Skip to content

Instantly share code, notes, and snippets.

@marcocitus
Last active September 7, 2022 14:27
  • Star 2 You must be signed in to star a gist
  • Fork 1 You must be signed in to fork a gist
Star You must be signed in to star a gist
Save marcocitus/141a321a0055a5053dae44059bfeb208 to your computer and use it in GitHub Desktop.
Basic geo-partitioning for Citus
-- set up a global cluster
select citus_set_coordinator_host('us-coordinator-hostname', 5432);
select citus_add_node('us-worker1-hostname', 5432);
select citus_add_node('us-worker2-hostname', 5432);
select citus_add_node('eu-coordinator-hostname', 5432);
select citus_add_node('eu-worker1-hostname', 5432);
select citus_add_node('eu-worker2-hostname', 5432);
-- make sure we can run distributed queries on EU coordinator
select start_metadata_sync_to_node('eu-coordinator-hostname', 5432);
-- lazily store location information in unused noderack field
update pg_dist_node set noderack = 'eu' where nodename like 'eu-*';
update pg_dist_node set noderack = 'us' where nodename like 'us-*';
-- clean up from the previous run of this script
drop schema if exists us cascade;
drop schema if exists eu cascade;
drop schema if exists global cascade;
-- create schemas for different locations
create schema us;
create schema eu;
create schema global;
-- create a rebalance strategy that maps schemas to noderacks
create or replace function match_schema_with_noderack(shard_id bigint, node_id int)
returns bool language plpgsql as $$
declare
table_id regclass;
schema_name text;
node_location text;
begin
-- find the schema name
select nspname into schema_name
from pg_dist_shard s
join pg_class c on (s.logicalrelid = c.oid)
join pg_namespace n on (c.relnamespace = n.oid)
where s.shardid = shard_id;
-- schemas that do not have a corresponding "noderack" are allowed anywhere
if not exists (select 1 from pg_dist_node where noderack = schema_name) then
return true;
end if;
-- noderack field is used to store node location
select noderack into node_location
from pg_dist_node
where nodeid = node_id;
-- allow schemas that match a noderack only on that noderack
return node_location = schema_name;
end; $$;
select citus_add_rebalance_strategy('geo', 'citus_shard_cost_1', 'citus_node_capacity_1', 'match_schema_with_noderack', 0);
-- create distributed tables in EU and US
create table us.test (region text, key text, value bigint);
select create_distributed_table('us.test','key', colocate_with := 'none');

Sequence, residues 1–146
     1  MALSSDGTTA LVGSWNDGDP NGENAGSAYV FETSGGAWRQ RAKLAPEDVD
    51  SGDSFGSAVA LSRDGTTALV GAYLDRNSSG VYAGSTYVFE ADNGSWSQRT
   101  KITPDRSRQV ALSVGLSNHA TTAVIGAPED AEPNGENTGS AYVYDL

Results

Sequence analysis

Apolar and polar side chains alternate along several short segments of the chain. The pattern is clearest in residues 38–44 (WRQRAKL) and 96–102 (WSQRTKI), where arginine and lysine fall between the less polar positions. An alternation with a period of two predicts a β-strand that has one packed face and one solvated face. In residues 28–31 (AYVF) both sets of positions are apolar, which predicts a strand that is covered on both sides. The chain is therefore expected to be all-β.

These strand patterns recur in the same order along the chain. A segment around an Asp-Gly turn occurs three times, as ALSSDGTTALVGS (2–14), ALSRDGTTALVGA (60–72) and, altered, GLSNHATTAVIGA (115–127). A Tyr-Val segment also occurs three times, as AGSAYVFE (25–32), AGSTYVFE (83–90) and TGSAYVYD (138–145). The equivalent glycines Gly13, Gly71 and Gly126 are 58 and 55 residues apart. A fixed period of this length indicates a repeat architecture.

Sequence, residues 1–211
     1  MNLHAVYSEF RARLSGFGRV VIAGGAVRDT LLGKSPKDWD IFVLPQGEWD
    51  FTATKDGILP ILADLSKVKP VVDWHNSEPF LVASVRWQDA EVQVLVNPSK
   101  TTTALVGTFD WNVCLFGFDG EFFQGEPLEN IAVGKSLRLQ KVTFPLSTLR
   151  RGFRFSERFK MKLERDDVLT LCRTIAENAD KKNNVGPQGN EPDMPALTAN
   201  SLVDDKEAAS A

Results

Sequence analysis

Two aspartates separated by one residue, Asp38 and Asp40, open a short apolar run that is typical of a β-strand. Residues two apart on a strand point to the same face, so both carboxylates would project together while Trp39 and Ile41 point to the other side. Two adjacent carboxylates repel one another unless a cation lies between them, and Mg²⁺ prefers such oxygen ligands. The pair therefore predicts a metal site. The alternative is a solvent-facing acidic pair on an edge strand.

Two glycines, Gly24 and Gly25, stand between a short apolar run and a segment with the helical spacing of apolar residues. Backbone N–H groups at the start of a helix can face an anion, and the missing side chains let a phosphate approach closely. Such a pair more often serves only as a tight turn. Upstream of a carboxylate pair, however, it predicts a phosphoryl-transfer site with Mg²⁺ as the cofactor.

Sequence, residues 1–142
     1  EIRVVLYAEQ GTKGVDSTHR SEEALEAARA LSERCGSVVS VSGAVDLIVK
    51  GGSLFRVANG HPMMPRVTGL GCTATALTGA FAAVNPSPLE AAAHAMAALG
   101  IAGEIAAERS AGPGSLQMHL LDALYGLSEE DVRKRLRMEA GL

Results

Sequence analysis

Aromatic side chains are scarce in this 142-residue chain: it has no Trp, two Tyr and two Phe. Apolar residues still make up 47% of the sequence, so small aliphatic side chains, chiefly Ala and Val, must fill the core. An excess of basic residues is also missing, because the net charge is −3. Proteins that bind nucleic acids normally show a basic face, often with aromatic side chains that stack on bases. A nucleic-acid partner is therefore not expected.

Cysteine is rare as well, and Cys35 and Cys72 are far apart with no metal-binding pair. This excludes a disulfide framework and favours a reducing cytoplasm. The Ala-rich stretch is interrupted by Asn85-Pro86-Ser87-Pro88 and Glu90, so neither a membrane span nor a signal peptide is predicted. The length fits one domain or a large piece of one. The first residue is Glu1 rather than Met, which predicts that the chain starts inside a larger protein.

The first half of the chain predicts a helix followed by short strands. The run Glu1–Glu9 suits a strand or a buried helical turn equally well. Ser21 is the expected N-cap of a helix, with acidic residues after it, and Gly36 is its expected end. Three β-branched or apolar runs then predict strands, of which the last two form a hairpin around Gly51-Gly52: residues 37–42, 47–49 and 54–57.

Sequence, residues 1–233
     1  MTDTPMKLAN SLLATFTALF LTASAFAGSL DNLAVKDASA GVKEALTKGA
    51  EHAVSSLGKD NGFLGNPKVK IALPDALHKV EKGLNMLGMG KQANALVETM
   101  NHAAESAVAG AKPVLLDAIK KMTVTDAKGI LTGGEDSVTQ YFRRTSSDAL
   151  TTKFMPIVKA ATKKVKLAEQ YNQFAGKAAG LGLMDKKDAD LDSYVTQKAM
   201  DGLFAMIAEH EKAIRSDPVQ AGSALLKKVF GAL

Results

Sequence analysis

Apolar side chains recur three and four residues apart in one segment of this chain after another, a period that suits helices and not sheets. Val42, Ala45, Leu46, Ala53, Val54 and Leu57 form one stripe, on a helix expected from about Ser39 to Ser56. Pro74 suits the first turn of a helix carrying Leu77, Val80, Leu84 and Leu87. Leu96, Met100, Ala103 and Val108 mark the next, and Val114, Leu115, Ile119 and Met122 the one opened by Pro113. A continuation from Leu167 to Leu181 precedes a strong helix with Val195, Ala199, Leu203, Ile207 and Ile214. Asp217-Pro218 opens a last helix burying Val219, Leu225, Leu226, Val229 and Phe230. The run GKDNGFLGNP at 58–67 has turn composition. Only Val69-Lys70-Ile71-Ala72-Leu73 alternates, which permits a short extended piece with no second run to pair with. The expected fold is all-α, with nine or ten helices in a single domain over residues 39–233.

create table eu.test (region text, key text, value bigint);
select create_distributed_table('eu.test','key', colocate_with := 'none');
-- move shards to their intended geo using the rebalancer
select rebalance_table_shards('us.test', rebalance_strategy := 'geo');
select rebalance_table_shards('eu.test', rebalance_strategy := 'geo');
-- Set up global table using postgres_fdw and partitioning. These steps should be repeated on every coordinator.
create extension postgres_fdw;
create server us_server foreign data wrapper postgres_fdw options (host 'us-coordinator-hostname', port '5432');
create user mapping for marco server us_server options (user 'marco');
create server eu_server foreign data wrapper postgres_fdw options (host 'eu-coordinator-hostname', port '5432');
create user mapping for marco server eu_server options (user 'marco');
create table global.test (region text, key text, value bigserial) partition by list (region);
create foreign table global.test_eu partition of global.test for values in ('France', 'Germany', 'Netherlands') server eu_server options (schema_name 'eu', table_name 'test');
create foreign table global.test_us partition of global.test default server us_server options (schema_name 'us', table_name 'test');
-- insert EU data (will be fast from EU, slow from US)
insert into global.test values ('Netherlands','hello');
-- query all data (will always be slow, due to cross-atlantic round trip)
select * from global.test;
┌─────────────┬───────┬───────┐
│ region │ key │ value │
├─────────────┼───────┼───────┤
│ Netherlands │ hello │ 6 │
└─────────────┴───────┴───────┘
(1 row)
-- query only EU data (will be fast from EU, slow from US)
select * from eu.test;
┌─────────────┬───────┬───────┐
│ region │ key │ value │
├─────────────┼───────┼───────┤
│ Netherlands │ hello │ 6 │
└─────────────┴───────┴───────┘
(1 row)
-- query only US data (will be fast from US, slow from EU)
select * from us.test;
┌────────┬─────┬───────┐
│ region │ key │ value │
├────────┼─────┼───────┤
└────────┴─────┴───────┘
(0 rows)
@mkstayalive
Copy link

Thanks for this @marcocitus. Can I have a partitioning strategy based on both region (us, eu, etc.) and a tenant_id? A tenant in my case will belong to only one region. But one region can have multiple tenants. All the data of a tenant should ideally be located in a single shard.

@marcocitus
Copy link
Author

marcocitus commented Sep 7, 2022

Thanks for this @marcocitus. Can I have a partitioning strategy based on both region (us, eu, etc.) and a tenant_id? A tenant in my case will belong to only one region. But one region can have multiple tenants. All the data of a tenant should ideally be located in a single shard.

I think it probably makes sense to create a separate schema per shard rather than a separate schema per region, and then create single shard distributed tables in the region, though support for this is not very good yet. This is in an experimental PoC stage.

@mkstayalive
Copy link

Thanks for your reply. I will then probably go ahead with multiple citus clusters in each region, each cluster having tables sharded by tenant_id. The citus cluster for a tentant will be chosen by the application layer.

Sign up for free to join this conversation on GitHub. Already have an account? Sign in to comment